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Jul 01 2017

Tim Dando Renshi Thesis – Seiryu bunkai

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Jun 26 2017

Hope to see you at this year’s SummerFest!

As most know by now, there have been many exciting changes to George Mattson’s SummerFest this year. These changes have been brought about after many talks with senior presenters and SummerFest participants. We know that these changes are going to make this year’s training historic on many levels.

The biggest change is location. This year’s SummerFest will take place at the beautiful
DoubleTree by Hilton in Danvers, MA. This clean, air conditioned facility will provide participants with a safe and comfortable area to train. By moving to this facility, we are providing extra changing rooms, separate training rooms, on site food & lodging, as well as an on-site water park for those who wish to bring young family members.

Friday’s training schedule can only be described as an experience like no other. For the first time, all North American Uechiryu 10th Degree Black Belts will be together in the same room. This list includes George Mattson, Van Canna, Walter Mattson, Art Rabesa, James Thompson, Jim Maloney, and – succeeding his test – Buzz Durkin. All Grandmasters are prepared and eager to share their incredible knowledge of Uechiryu.

Saturday’s training is going to be fulfilling on every level. We have six main presenters: Bob Bethoney, Leyn Burrows, Tracy Rose, Dan Dovidio, David Kelley, and Roy Bedard. Each have prepared exciting and informative seminars. Like last year’s SummerFest, trainees will be separated by rank while the presenters rotate among the groups throughout the day – ensuring that every participant is able to work with each presenter.

Both Friday and Saturday include an exclusive group of bonus presenters who will be teaching either before or after the main training. These presenters will all provide a unique approach to their Uechiryu practice. Training participants are encouraged to choose who they would like to train with during the bonus seminars.

We also have a specially designed lesson plan for Saturday’s one hour Junior Seminar for trainees 14 years and below. During this special break-out, junior karate students will have the opportunity to work with master instructors including James Cameron, Steve Dionne, Matt Saindon, Nathan Harker, and Brandon Stickney – along with many other professional karate instructors. This training will separate participants by age and rank. Any participant 13 & 14 years old may train with the Saturday Adult Main Presenters with their sensei’s permission.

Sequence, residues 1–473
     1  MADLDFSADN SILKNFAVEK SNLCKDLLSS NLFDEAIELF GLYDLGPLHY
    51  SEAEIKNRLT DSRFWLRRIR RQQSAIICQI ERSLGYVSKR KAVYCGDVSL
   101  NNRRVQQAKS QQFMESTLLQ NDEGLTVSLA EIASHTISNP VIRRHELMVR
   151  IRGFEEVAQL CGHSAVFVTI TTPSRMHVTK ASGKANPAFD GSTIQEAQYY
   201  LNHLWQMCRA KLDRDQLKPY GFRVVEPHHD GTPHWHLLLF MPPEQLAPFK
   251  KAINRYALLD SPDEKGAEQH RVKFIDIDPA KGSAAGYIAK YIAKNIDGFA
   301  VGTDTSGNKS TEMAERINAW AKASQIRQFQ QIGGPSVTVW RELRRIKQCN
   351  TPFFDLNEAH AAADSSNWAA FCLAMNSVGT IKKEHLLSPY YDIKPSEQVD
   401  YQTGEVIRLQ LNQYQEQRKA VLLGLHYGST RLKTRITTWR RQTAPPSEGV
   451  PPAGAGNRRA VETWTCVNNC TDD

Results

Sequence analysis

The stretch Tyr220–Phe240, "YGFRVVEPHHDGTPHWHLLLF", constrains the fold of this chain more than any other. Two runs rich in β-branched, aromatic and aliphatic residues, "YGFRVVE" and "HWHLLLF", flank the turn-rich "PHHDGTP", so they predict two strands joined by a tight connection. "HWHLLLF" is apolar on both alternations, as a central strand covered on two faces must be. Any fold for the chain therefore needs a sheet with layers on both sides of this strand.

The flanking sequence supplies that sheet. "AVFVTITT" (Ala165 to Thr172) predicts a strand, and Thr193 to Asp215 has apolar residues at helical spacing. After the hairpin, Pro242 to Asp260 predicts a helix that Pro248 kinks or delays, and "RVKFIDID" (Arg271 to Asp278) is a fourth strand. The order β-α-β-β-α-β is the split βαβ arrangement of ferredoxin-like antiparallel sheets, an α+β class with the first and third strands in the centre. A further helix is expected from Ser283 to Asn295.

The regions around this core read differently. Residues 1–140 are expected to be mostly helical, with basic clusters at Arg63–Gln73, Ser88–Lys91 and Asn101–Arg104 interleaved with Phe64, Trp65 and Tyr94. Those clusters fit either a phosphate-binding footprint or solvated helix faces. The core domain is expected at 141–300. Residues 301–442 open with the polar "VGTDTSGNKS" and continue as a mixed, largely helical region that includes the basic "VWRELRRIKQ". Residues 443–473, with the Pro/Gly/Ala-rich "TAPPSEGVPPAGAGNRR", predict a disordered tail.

Lastly, we will be celebrating this historic gathering of Uechiryu students from all around the world with Friday night’s Master’s Banquet. This exclusive dinner will feature many special guests from around the martial arts world, live entertainment, and memories that will last a life time. If you love the martial arts, this will be an event you cannot miss.

Bill Leith
Buzz Durkin’s Karate School
Uechiryu Butokukai

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Jun 06 2017

Buzz Durkin 10th Dan Promotion

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Jun 06 2017

Summerfest 2017

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Jun 01 2017

Alan Dollar’s 2nd Edition Book!

Alan Dollar’s 2nd edition “Uechi-ryu Karate!

 

 

Permanent link to this article: http://uechi-ryu.com/alan-dollars-2nd-edition-book/

Mar 27 2017

Art Rabesa’s New Book!

Go to Amazon and get this book today. 

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Dec 31 2016

2017 SummerFest

gem_03Very Important Note Regarding SummerFest!

I wish to thank Buzz Durkin and the members of the Butokukai, for stepping up after I was diagnosed with cancer last August, offering to help organize and manage SummerFest until I recovered fully from my illness. 2017 SummerFest promises to be one of the best in the long history of this event.

Register early!

By the way. . . I am on the road to complete recovery and am looking forward to seeing you at SummerFest.

http://www.uechiryubutokukai.com/summerfest.html

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Aug 28 2016

David Mott’s New Book!!

david-motts-book-picDavid sent me this wonderful book on the day Sue and I were leaving for Summerfest. I had time to open the package and scan the contents before heading for the airport. With all the lugage. . . nearly all Susan’s of course. . . I forgot to put the book into my backpack!

My bad!

I finally got an opportunity to read the entire book last week and must say that it was an enjoyable and exciting experience. No, it isn’t a picture book on how to perform kata, but the kata and everything else that makes Uechi-ryu important was explored and discussed.

In the Forward, Professor Greg Malszecki writes:

“Sensei David Mott appears to wear three sky-high hats in authoring this book: gifted teacher, reflective writer, advanced student in the art of feeling human. But like our very arbitrary categories of ‘body, mind, spirit’, he reveals his rare talent for story-telling with rippling circles of deeply-layered meaning. Like the Elder he is, he guides the reader to recognize why no significant progress beyond to the peaks aloft superior to all ranks and Dans and juried appraisals or titles or legends of performance within specific traditions those universal peaks of humane experience where martial arts becomes the arena of personal evolution through warrior-discipline integrating the obvious and hidden places, the suppressed or repressed traits, the apparently separate domains of effort as well as the wild places with no names in our real lives.”

This is a book that every martial artist will enjoy. Please contact David for information how to purchase a copy. David Mott (david@davidmottmusic.com)